Bio-based napkin revolution

Swedish Duni sells napkins containing lemon peel, corn and other food industry residues to its international customers. The napkins generate lower carbon dioxide emissions than their predecessors, are fossil-free and decompose in the home compost. Behind this groundbreaking product is a bio-based solution from OrganoClick, developed with the support of BioInnovation and others.

A few years ago, Duni launched the world’s first fossil-free and fully compostable premium napkins for the restaurant industry. Now, some may wonder why that is, as napkins are of course made of paper. However, many more luxurious napkins, like the ones we often get in hotels and restaurants, contain plastic that makes them soft and durable. However, if those napkins end up in landfills or in nature, they break down into microplastics.

Linus Lemark. Photo: Duni.

It is this hidden plastic that Duni has replaced with a bio-based binder made from corn, lemon peel and other food industry waste streams. The binder was developed by OrganoClick with support from BioInnovation, and others.

– Duni is the European market leader in napkins and OrganoClick’s bio-based binder is used in the lion’s share of our best-selling Bio Dunisoft napkins, which are sold in 25 countries. By replacing the plastic, the napkin has up to 20 per cent fewer carbon emissions and breaks down in the home compost. We now replace tonnes of plastic in several hundred million napkins every year, says Linus Lemark, Business Area Manager for Dining Solutions at Duni.

Can replace plastic in more nonwoven products

The napkins are made of nonwoven, a multifaceted material in that middle ground between textiles and paper, that often contains hidden plastic. It is used for everything from coffee filters and cloth wipes to garden netting fabrics.

Plastic free binders. Photo: OrganoClick.

– Today, one of our biggest commercial successes is our binders which can replace plastic in different types of nonwoven products. We are alone in having a completely bio-based binder that allows nonwoven to be 100 per cent biodegradable, fossil-free and compostable, and also allows more products to go back into the cycle of recovery. The BioInnovation projects have been an important part of the product development, says Mårten Hellberg, CEO of OrganoClick.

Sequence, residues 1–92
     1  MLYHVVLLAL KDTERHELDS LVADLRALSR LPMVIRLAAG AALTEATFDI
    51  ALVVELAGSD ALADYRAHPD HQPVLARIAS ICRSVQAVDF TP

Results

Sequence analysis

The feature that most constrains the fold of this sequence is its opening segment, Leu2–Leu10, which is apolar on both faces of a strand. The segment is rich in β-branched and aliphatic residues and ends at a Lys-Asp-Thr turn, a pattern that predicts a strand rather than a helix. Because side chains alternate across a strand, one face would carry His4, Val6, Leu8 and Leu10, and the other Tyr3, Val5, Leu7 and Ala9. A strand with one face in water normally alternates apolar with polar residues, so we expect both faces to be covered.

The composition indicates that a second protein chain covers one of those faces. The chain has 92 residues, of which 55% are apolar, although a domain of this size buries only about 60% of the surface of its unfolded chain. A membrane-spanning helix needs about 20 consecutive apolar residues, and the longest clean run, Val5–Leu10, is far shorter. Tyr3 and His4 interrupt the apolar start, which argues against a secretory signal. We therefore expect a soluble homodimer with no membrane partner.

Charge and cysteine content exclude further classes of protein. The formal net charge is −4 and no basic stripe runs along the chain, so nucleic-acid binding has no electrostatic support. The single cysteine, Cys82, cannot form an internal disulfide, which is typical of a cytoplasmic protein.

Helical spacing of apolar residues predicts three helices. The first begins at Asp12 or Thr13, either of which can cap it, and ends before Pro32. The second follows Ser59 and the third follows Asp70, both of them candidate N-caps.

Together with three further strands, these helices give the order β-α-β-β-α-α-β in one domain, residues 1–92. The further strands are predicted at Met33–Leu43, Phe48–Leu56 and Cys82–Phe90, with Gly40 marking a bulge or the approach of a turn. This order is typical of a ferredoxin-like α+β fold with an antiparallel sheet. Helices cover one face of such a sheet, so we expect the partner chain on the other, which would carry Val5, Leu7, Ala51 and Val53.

The BioInnovation project that has been particularly important in developing a binder to replace plastic in nonwoven included OrganoClick, nonwoven producer Sharpcell, and Finess Hygiene. Finess Hygiene is one of Sweden’s largest producers of dry wipes. The collaboration between the stakeholders continues in order to adapt the binder to their particular product, and the next test run is scheduled for spring 2024.

Huge market potential in bio-based products

The very basis of OrganoClick’s business is an innovative green chemistry, which involves modifying the cellulose fibre so that it can perform the same function as hidden plastics and fossil chemicals in materials such as nonwoven, paper and wood. For example, this chemistry can also act as a binder in composites and protect wood and textiles from moisture and fire. Today, OrganoClick’s green chemistry can be found in everything from climate-smart funeral coffins to sound absorbers.

Mårten Hellberg. Photo: Anders G. Warne.

– When we started in 2007, environmental certifications were something that companies thought were “nice to have”. Today we know that there is a huge market potential in bio-based and circular products, and sustainability is a serious business. The first major shift happened after the Paris conference of 2015, and the interest in bio-based solutions really took off with the EU Plastics Directive. Then circularity appeared on the agenda as well, and also the way in which we bio-based companies can contribute to it. We will see more regulatory changes that will push this development, says Mårten Hellberg.

New project seeks cheaper raw material

Development projects continue to be important in strengthening OrganoClick’s competitiveness. In a newly launched BioInnovation project, they are investigating whether fungal protein can be a possible source of raw material for their binders.
– It’s a good example of the kind of high-risk project that can be carried out thanks to financial support, and it’s an important project because it involves finding simpler and cheaper raw material solutions. After all, we are competing with well-established fossil-based chemistry, so support that allows us to take risks and invest in innovation is incredibly important, says Mårten Hellberg.

Finally, back to Linus Lemark at Duni:

– We want to lead the sustainable transition in our industry and show our customers the way ahead. Regarding napkins specifically, there is a real challenge since many people do not realise that they often contain plastic. So, an important part of bringing this product to market has been having the courage to lead the way, and educating customers about the benefits. Something which is particularly pleasing is that here we have an innovation driven by two Swedish companies.

Read more about the BioInnovation project 100% biobased and biodegradable airlaid nonwoven.